Also, basil loves water! I give my basil plants a good watering every morning. I’m sure the time of day doesn’t really matter, it’s just I’m a morning person so it works best for me. Giving them plenty of water slows down the flowering process helping to keep the herb plants producing leaves.
The large-leaved basil I grow isn’t the sweet basil and to be honest I’m not sure what type it is, but it thrives in the right conditions. The leaves are a lovely dark green and when it starts to sprout purple leaves that’s a sign that it’s going to flower soon.
At least once a week I go out with my secateurs and prune off the purple leaves to the next set of green leaves below. And every week or so I will go and harvest a load of leaves for the freezer, but I’ll save that for another post.
If you let the plants flower they do look very pretty and will attract plenty of bees, but they will also stop producing so many healthy leaves for the kitchen.
Small Leaved Basil
On the balcony, I like to keep small-leaved basil in pots purely for ornamental purposes. It can be used in cooking, but I found that once I started harvesting the leaves, the attractive roundness of the plant was lost. Again those pots are given a good watering every morning.
Flat Leaved Parsley
Flat leaved parsley is another plant that enjoys a good watering on a daily basis. I also plant it in a position where it is shaded by the harsh midday sun.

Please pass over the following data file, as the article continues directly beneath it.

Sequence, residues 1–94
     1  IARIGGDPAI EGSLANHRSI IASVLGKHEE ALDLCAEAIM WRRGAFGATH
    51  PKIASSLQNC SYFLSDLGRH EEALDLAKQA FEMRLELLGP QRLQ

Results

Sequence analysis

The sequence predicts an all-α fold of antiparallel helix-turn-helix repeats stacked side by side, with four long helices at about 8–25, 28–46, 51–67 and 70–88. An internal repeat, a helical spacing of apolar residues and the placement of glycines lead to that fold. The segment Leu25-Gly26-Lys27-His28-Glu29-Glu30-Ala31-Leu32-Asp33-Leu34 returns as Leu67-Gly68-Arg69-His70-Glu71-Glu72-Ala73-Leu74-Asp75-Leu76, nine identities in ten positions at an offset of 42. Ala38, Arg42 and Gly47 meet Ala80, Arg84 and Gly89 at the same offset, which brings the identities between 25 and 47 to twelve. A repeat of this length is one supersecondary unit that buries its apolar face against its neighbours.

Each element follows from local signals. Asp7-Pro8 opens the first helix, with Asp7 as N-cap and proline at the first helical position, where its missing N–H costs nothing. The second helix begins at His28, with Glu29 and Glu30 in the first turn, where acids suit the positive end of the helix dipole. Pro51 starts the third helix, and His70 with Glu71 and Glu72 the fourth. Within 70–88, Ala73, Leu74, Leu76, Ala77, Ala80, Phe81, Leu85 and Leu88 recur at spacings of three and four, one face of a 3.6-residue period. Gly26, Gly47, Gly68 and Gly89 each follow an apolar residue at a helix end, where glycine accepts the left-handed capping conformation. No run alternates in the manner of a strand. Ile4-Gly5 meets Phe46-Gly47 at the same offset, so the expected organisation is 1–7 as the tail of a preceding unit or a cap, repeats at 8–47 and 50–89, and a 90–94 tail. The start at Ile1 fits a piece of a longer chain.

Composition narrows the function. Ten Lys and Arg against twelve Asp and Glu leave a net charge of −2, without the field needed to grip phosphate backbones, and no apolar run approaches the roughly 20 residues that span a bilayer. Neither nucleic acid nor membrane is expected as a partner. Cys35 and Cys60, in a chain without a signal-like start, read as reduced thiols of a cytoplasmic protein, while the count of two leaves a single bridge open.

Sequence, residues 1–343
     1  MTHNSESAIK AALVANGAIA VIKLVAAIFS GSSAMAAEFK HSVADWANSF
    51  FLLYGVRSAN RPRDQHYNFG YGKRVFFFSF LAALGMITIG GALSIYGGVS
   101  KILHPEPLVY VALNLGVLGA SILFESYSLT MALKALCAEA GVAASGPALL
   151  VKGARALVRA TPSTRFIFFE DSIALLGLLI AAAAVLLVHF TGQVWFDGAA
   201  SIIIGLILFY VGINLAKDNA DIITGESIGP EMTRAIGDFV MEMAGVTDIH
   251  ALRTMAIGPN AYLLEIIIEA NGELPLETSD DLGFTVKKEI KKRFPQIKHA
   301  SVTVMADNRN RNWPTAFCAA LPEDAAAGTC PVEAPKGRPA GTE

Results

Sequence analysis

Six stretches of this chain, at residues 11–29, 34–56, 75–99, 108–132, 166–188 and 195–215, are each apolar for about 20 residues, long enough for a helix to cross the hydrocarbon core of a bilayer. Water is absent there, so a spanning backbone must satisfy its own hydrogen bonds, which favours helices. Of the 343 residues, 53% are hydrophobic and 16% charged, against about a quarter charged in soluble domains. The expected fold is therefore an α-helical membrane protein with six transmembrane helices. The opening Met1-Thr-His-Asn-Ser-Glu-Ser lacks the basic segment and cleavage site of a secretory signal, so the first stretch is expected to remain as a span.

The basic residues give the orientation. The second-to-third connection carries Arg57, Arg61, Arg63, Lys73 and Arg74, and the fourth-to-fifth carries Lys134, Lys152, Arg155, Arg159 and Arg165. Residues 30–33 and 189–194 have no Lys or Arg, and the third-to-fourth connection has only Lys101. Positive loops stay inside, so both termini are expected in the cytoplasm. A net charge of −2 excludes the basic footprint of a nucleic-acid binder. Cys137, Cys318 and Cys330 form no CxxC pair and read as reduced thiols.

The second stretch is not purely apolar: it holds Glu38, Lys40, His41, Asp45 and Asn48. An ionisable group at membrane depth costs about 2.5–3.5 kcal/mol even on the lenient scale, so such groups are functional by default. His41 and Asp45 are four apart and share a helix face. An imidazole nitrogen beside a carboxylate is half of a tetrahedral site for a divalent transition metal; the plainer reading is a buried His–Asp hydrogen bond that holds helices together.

Parsley will last a couple of growing seasons in the right conditions. This is another herb I stock up on for the winter by freezing it.
Every now and again it will try to flower, but I remove the flower stalks as soon as I see them.
Now lovage is an interesting herb and one that it took a while for me to fall in love with. It tastes just like celery, which is why I wasn’t keen, but it adds a lovely taste to soups and stews if used in moderation.
I first planted this herb last year and for some reason dug it up without thinking. Apparently, it will keep producing leaves for years, but that I have yet to see. It does look very similar to the flat-leaved parsley, but the scent of the leaves ensure there is no mix-up. If like me, you aren’t a fan of celery it may take a bit of getting used to, but I recommend giving it a try just a bit at a time.
This year I popped a couple of plants in the herb garden, but also popped one in a pot. The one in the pot is actually doing better and is much bigger than the two in the garden.